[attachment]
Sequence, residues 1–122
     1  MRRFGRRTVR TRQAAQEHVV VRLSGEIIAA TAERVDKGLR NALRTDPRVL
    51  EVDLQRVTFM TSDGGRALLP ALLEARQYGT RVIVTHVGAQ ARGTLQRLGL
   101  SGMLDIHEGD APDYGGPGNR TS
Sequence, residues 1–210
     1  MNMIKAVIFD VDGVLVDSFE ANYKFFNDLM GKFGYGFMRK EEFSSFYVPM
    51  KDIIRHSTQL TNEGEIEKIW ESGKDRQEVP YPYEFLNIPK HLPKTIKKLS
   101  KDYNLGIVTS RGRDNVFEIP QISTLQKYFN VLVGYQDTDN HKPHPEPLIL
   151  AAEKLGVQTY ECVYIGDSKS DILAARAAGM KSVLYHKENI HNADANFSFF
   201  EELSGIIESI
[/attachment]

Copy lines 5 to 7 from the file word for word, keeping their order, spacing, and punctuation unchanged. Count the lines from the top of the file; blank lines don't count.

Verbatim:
Sequence, residues 1–210
     1  MNMIKAVIFD VDGVLVDSFE ANYKFFNDLM GKFGYGFMRK EEFSSFYVPM
    51  KDIIRHSTQL TNEGEIEKIW ESGKDRQEVP YPYEFLNIPK HLPKTIKKLS